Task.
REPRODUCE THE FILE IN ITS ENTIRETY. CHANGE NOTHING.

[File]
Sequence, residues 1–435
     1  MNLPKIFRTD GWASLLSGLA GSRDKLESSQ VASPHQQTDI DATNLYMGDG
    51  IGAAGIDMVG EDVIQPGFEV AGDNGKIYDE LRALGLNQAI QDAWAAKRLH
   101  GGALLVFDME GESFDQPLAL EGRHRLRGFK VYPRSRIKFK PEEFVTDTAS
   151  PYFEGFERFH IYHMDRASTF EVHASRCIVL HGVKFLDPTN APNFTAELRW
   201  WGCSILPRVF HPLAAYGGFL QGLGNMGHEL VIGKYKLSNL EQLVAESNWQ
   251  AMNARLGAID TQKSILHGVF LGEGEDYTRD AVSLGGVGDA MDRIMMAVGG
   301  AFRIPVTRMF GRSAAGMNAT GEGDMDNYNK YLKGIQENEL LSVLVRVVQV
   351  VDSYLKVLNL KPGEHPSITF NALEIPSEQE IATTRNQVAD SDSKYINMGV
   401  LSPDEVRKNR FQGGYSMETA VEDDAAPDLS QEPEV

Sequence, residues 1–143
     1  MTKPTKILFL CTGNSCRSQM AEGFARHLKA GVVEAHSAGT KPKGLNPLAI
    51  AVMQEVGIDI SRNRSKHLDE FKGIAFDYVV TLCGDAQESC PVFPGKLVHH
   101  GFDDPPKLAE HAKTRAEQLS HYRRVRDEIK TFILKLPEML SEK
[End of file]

Sequence, residues 1–435
     1  MNLPKIFRTD GWASLLSGLA GSRDKLESSQ VASPHQQTDI DATNLYMGDG
    51  IGAAGIDMVG EDVIQPGFEV AGDNGKIYDE LRALGLNQAI QDAWAAKRLH
   101  GGALLVFDME GESFDQPLAL EGRHRLRGFK VYPRSRIKFK PEEFVTDTAS
   151  PYFEGFERFH IYHMDRASTF EVHASRCIVL HGVKFLDPTN APNFTAELRW
   201  WGCSILPRVF HPLAAYGGFL QGLGNMGHEL VIGKYKLSNL EQLVAESNWQ
   251  AMNARLGAID TQKSILHGVF LGEGEDYTRD AVSLGGVGDA MDRIMMAVGG
   301  AFRIPVTRMF GRSAAGMNAT GEGDMDNYNK YLKGIQENEL LSVLVRVVQV
   351  VDSYLKVLNL KPGEHPSITF NALEIPSEQE IATTRNQVAD SDSKYINMGV
   401  LSPDEVRKNR FQGGYSMETA VEDDAAPDLS QEPEV

Sequence, residues 1–143
     1  MTKPTKILFL CTGNSCRSQM AEGFARHLKA GVVEAHSAGT KPKGLNPLAI
    51  AVMQEVGIDI SRNRSKHLDE FKGIAFDYVV TLCGDAQESC PVFPGKLVHH
   101  GFDDPPKLAE HAKTRAEQLS HYRRVRDEIK TFILKLPEML SEK